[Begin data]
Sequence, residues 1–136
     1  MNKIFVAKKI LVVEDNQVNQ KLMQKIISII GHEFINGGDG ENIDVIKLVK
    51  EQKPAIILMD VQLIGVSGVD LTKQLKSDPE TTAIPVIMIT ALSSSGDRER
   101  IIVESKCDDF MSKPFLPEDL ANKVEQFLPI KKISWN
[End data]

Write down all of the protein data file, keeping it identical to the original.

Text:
Sequence, residues 1–136
     1  MNKIFVAKKI LVVEDNQVNQ KLMQKIISII GHEFINGGDG ENIDVIKLVK
    51  EQKPAIILMD VQLIGVSGVD LTKQLKSDPE TTAIPVIMIT ALSSSGDRER
   101  IIVESKCDDF MSKPFLPEDL ANKVEQFLPI KKISWN